Students in the sonography program at Valencia College were asked to volunteer to undergo transvaginal ultrasound examinations by other students in the program. It quickly became clear that this request was a demand when instructors, including the program manager, retaliated against students who objected and refused to “volunteer”, berating them, threatening to give them bad grades and to have them blacklisted at local hospitals that hired graduates of the program. The objecting students sued under the first amendment, and two women who had submitted to the procedure brought a claim for violating their fourth amendment right to be free from unreasonable search and seizure. (The students also sued the college’s Board of Directors, but Circuit Court noted that the Board was no longer part of the suit.)
The District Court dismissed the students’ case in its entirety. The breadth of the District Court’s dismissal of the students’ first amendment claims was breathtaking, given that college students objections and protests have long been recognized as protected speech. The decision, had it been allowed to stand, would have encouraged colleges and university to broadly censor student speech. Given the content of the speech at issue — objections to a school’s policy of forcing students to undergo vaginal penetration — future censorship would likely focus on speech about sexuality, intimacy and the requirement for consent.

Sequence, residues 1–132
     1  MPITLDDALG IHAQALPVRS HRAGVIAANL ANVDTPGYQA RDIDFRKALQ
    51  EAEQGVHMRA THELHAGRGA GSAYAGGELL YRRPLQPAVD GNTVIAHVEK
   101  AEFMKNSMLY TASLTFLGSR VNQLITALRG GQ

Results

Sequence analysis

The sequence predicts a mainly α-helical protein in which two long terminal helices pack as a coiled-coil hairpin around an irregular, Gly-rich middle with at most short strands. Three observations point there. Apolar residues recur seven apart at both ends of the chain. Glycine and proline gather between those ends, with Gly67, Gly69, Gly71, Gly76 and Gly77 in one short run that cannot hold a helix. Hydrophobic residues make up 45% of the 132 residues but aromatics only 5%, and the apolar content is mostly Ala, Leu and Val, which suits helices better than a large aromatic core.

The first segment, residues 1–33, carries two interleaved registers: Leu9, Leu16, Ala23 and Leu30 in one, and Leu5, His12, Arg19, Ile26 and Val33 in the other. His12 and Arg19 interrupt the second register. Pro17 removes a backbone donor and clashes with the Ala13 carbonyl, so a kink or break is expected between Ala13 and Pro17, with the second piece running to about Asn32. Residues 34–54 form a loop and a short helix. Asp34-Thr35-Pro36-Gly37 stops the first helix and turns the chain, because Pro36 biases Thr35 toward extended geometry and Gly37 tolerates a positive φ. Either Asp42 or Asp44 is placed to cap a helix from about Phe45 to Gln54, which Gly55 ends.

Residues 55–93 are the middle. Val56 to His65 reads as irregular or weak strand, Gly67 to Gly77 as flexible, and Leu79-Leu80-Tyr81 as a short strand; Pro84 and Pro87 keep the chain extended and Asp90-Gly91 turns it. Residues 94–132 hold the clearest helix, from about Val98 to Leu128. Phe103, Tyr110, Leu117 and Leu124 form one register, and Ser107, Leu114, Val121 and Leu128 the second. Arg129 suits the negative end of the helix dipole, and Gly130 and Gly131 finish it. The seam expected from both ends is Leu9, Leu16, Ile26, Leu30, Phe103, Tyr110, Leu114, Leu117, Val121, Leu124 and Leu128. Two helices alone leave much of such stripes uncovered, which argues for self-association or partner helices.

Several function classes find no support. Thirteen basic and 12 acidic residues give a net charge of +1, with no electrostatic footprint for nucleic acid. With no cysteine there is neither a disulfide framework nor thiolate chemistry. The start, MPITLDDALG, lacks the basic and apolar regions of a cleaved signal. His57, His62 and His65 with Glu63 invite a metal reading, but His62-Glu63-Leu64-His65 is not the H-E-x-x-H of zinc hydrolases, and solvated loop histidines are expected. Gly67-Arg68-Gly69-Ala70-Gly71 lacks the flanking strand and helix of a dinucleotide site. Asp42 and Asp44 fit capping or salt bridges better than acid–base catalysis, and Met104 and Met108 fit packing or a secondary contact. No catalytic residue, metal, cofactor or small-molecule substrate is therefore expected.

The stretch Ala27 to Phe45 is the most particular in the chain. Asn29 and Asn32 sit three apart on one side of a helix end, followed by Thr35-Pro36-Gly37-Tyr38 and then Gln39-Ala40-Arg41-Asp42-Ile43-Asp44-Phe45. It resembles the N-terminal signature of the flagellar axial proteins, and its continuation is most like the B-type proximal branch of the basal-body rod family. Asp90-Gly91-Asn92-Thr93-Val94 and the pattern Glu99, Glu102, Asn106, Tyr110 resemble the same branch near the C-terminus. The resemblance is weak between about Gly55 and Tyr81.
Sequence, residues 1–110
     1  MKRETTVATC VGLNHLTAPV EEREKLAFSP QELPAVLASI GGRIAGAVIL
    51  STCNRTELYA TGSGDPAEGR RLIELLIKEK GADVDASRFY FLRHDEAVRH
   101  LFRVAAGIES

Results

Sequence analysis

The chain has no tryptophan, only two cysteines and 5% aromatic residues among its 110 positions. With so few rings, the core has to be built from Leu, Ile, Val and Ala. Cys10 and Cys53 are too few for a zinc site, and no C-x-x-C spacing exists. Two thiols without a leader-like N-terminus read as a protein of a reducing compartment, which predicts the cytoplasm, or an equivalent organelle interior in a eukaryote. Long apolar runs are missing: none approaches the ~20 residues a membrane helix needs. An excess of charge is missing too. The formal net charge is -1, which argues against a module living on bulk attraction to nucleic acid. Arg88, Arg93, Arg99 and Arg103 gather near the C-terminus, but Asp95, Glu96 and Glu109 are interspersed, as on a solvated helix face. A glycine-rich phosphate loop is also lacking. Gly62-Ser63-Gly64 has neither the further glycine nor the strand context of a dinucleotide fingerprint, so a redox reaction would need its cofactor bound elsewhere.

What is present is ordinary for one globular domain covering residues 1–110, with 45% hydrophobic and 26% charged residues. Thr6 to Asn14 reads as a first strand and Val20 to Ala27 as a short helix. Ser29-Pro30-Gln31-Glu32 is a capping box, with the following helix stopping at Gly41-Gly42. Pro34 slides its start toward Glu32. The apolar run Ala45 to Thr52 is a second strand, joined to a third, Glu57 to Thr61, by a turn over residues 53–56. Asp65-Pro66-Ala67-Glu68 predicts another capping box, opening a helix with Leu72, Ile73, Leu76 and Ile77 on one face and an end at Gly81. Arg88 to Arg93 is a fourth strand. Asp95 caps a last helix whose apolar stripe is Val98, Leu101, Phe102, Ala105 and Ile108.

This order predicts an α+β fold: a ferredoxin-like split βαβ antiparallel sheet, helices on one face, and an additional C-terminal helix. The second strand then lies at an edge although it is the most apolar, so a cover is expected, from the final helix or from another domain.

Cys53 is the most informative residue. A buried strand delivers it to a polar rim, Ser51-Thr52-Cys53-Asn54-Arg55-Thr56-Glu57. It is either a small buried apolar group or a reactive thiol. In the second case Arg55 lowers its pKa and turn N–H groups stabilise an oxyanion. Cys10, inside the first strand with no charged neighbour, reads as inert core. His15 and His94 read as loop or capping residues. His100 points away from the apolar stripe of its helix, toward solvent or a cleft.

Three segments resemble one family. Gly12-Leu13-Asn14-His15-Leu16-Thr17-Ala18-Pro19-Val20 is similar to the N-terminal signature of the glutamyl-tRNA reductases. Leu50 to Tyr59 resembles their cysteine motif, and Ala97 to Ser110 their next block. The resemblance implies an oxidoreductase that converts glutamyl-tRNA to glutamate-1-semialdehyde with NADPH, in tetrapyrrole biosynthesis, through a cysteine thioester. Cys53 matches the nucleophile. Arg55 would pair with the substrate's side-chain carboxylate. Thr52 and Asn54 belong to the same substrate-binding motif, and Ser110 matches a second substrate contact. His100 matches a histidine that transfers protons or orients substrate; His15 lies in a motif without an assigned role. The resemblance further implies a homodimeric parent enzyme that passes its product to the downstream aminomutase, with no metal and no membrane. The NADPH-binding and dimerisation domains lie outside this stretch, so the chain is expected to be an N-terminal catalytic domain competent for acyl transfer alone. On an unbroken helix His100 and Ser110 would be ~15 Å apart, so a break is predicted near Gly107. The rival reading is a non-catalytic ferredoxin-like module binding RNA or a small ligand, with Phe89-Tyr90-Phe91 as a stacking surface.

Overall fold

The Milward students appealed, and the Woodhull Freedom Foundation filed an Amici Curiae brief, along with the Foundation for Individual Rights in Education, the Student Press Law Center (SPLC), the American Society of Journalists and Authors.
The District Court based its decision to dismiss the students’ first amendment claims on Hazelwood School District v. Kuhlmeier, a US Supreme Court case that found that a high school principal’s censorship of a student newspaper did not violate the first amendment rights of the student staff. The court treated the Milward students’ complaints as “school-sponsored speech”, not protected by the first amendment, writing “where a student’s speech threatens a school’s pedagogical and curricular system, it is not subject to the expansive protections applied to student political speech.”
The Eleventh Circuit rejected the District Court’s determination that student complaints about forced tranvaginal ultrasound exams recieve no more protection under the first amendment than the content of a student-run school paper. The Circuit Court reasoned that the student newspaper that was the subject of Hazelwood was a teacher-supervised part of the school curriculum, and that those reading the paper might reasonably believe that the school approved of the content. The complaints by the Milward students, on the other hand, were not themselves part of the curriculum, and no one could reasonably believe the student’s views were supported the school. The Eleventh Circuit held that the students objections in Milward were pure student expression, protected by the first amendment.
The Woodhull Freedom Foundation salutes our allies in defense of free speech, and thanks Lawrence G. Walters of Walters Law Group, counsel for the Woodhull Freedom Foundation, for his excellent work on this case.